• Have only one primary call to action. Keep your landing page's objective simple. Pick a task you would like the user to take, such as downloading your software or signing up for your mailing list, and limit it to just that. Any additional call to action should reinforce your primary call to action.
  • Use ample amounts of whitespace. If things are too cramped together, it might visually intimidate the site visitor.

The Dropbox landing page is very simple. It has a logo, a video and a call to action button. The primary call to action is to download the software. The secondary call to action, "Watch a video", supports the primary call to action by showing you some information on why you would want to download and use Dropbox.

Eye Flow

To make sure that the visitor encounters all the landing page elements that will help them make a decision to take your desired call to action, the eye flow should be well-thought-out.

Good eye flow makes the consumption of the information being shared in the page quicker for the site visitor and ensures that they end up seeing your desired call-to-action.


  • Arrange web page components in a logical visual hierarchy. Determine the order in which you want the viewer to look, and design your web page to support that order. To learn more about visual hierarchy, read the following guides: "Working with Visual Weight in Your Designs", "Creating Focal Points in Your Web Design" and "Using Power Structure and Gestalt for Visual Hierarchy".
  • Use graphical elements to your advantage. Arrows, icons and attractive images can help direct the eyes of users towards an area of a web page.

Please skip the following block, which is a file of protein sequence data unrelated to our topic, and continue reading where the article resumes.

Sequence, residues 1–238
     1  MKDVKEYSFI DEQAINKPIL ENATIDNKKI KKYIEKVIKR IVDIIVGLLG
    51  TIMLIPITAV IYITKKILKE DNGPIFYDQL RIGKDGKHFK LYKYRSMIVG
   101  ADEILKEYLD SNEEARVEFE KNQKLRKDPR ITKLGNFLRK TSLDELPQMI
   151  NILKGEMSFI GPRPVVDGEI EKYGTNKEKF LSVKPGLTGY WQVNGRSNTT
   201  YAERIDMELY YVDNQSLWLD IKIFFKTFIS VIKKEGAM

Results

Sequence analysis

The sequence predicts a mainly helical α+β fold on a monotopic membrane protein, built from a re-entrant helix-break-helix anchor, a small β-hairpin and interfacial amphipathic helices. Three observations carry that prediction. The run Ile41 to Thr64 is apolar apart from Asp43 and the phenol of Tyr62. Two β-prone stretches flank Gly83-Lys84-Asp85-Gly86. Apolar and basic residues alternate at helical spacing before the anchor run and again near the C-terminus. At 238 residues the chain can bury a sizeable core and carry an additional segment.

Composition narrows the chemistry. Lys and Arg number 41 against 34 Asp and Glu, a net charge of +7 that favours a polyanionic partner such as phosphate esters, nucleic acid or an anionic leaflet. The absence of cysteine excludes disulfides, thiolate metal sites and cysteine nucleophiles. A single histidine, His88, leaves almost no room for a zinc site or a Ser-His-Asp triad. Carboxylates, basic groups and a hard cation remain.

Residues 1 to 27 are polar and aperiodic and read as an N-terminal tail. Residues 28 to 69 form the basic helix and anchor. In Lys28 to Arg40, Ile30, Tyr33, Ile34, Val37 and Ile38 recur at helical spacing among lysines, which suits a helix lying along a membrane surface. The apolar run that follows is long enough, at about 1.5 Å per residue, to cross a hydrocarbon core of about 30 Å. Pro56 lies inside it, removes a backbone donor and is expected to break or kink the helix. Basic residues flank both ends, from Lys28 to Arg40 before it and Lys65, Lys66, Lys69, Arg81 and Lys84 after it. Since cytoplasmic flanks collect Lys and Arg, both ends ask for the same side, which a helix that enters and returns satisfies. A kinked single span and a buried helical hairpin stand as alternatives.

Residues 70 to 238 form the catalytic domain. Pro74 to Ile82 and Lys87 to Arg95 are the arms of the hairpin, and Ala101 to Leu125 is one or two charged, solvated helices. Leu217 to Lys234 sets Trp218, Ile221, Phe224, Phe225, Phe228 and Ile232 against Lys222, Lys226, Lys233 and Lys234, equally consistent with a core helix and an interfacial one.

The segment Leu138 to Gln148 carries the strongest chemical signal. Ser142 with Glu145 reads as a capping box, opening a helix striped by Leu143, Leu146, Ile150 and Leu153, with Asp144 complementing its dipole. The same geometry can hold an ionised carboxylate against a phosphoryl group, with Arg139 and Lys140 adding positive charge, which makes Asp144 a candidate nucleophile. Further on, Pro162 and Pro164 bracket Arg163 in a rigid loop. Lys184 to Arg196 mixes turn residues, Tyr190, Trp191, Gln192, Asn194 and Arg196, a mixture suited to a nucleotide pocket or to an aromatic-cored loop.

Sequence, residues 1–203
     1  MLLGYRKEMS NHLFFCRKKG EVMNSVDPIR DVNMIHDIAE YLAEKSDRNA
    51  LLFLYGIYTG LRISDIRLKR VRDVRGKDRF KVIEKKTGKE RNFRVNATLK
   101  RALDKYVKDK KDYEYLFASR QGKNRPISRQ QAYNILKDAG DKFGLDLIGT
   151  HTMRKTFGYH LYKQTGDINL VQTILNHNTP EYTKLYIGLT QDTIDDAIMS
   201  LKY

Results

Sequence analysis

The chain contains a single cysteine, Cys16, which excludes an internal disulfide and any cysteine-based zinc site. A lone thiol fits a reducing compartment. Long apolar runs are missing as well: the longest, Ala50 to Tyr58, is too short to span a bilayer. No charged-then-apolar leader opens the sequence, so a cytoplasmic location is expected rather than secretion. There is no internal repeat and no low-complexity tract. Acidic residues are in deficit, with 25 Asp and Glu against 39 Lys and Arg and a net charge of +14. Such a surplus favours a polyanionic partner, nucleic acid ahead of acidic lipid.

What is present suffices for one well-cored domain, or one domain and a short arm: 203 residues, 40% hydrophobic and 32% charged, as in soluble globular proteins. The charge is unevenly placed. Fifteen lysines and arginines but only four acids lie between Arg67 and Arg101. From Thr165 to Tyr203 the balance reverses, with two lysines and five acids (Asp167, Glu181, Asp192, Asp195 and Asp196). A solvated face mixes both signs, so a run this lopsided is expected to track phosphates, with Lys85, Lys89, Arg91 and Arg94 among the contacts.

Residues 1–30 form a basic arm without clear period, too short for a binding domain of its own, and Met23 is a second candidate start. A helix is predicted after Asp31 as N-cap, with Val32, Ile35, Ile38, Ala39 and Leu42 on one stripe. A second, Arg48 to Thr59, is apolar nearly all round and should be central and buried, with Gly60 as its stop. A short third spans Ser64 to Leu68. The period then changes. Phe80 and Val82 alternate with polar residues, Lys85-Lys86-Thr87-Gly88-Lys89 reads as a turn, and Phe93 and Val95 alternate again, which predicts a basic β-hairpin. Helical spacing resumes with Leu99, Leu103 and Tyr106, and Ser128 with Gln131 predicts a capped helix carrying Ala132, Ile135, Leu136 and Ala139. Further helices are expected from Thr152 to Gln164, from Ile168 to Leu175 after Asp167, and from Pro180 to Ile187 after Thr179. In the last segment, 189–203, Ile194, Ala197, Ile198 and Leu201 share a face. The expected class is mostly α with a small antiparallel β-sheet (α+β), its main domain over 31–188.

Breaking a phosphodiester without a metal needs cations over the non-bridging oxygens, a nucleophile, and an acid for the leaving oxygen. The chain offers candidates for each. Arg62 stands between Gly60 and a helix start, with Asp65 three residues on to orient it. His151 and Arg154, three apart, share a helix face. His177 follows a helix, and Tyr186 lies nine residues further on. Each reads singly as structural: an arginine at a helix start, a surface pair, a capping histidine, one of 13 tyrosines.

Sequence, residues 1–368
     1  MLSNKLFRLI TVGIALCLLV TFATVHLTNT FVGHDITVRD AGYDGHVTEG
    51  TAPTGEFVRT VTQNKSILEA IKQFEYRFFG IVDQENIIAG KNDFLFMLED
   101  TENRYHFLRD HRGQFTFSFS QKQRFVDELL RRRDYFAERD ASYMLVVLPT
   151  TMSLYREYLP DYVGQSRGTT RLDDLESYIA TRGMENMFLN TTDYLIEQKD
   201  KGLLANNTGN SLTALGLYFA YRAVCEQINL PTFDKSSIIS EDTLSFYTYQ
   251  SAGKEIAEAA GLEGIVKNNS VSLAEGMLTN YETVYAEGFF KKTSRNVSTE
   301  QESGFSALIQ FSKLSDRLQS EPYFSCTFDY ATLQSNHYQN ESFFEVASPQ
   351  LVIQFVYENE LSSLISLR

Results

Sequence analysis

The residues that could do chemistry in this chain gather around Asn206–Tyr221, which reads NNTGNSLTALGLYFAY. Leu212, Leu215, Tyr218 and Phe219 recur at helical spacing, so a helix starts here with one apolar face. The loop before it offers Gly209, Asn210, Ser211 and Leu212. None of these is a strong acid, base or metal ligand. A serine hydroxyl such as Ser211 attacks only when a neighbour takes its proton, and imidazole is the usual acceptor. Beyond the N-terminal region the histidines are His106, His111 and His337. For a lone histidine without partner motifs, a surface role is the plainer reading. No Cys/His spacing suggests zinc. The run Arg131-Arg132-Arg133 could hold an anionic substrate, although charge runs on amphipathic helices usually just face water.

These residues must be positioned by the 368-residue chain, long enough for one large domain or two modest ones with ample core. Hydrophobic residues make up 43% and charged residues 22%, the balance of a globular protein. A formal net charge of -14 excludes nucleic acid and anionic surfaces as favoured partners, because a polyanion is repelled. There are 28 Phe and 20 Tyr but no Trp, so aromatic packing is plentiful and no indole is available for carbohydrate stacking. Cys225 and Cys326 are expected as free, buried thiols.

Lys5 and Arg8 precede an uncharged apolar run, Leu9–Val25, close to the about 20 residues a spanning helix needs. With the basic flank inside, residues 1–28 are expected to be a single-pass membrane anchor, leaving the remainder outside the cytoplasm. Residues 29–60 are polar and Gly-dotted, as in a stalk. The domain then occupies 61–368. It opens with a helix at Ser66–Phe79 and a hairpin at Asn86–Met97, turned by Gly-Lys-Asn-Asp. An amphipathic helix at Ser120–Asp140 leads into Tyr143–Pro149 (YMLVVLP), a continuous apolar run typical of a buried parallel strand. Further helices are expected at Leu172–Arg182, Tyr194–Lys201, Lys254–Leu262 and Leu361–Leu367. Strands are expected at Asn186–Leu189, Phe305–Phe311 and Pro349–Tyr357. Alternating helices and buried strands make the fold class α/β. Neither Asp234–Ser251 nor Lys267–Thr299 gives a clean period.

• Use high-contrast foreground colors on certain web page components. If an element has a bright color relative to its background and surrounding elements, it's likely to garner attention.

The Let's Do This! website, which asks site visitors to donate to the Susan G. Komen for the Cure organization, presents a good example of how to direct users towards your call to action. The web page is laid out logically so that you can see the primary call to action right away. Using arrows points your eyes to the call to the "Donate" button. The button and the surrounding arrows have high-contrast colors compared to the dark gray background, making sure it stands out.


Every visitor comes to your landing page from a specific source. The landing page has to be relevant to that source. For example, if your ad says that by clicking on it, the user can buy iPads for half the price, then your landing page better be selling iPads for half the price. Relevance is key.


  • Consider creating landing pages for each marketing campaign. For example, if you have a Facebook marketing campaign, create a landing page that caters to Facebook users.
  • Customize the landing page depending on the source. Add special content, discount codes and call to actions depending on what site the user is coming from.

Reduce the Risk for Taking Action

Internet users don't like taking risk, that's obvious. We are often concerned about security, privacy and of being scammed.


  • Offer a compelling guarantee. For example, if you would like the user to buy a product, consider giving them a way to recover their money if they are unsatisfied with their purchase.
  • Anticipate any concerns that the user may have and address them. Before taking an action, users may want to know more about the result of that action. These concerns are often related to cost, time and security.
  • Offer a free trial (if possible). For example, if the landing page's goal is to ask users to subscribe to one of your paid plans, consider allowing users to try it before they need to provide credit card information.

Squarespace displays good examples of reducing the risk to signing up and using their web service. By clearly telling users that no credit card is required, that the signup process only takes 30 seconds, and that there isn't any permanent commitment, they have successfully addressed concerns related to cost, time and security.


One way of designing landing pages that work is by creating a sense of scarcity. If the user feels that the product might run out of stock or that the discounted price might end soon, they may be compelled not to procrastinate and take action now.


  • Use convincing copy that conveys a sense of urgency. For example, clearly stating that the special discounted price will end soon might urge users to purchase your product now.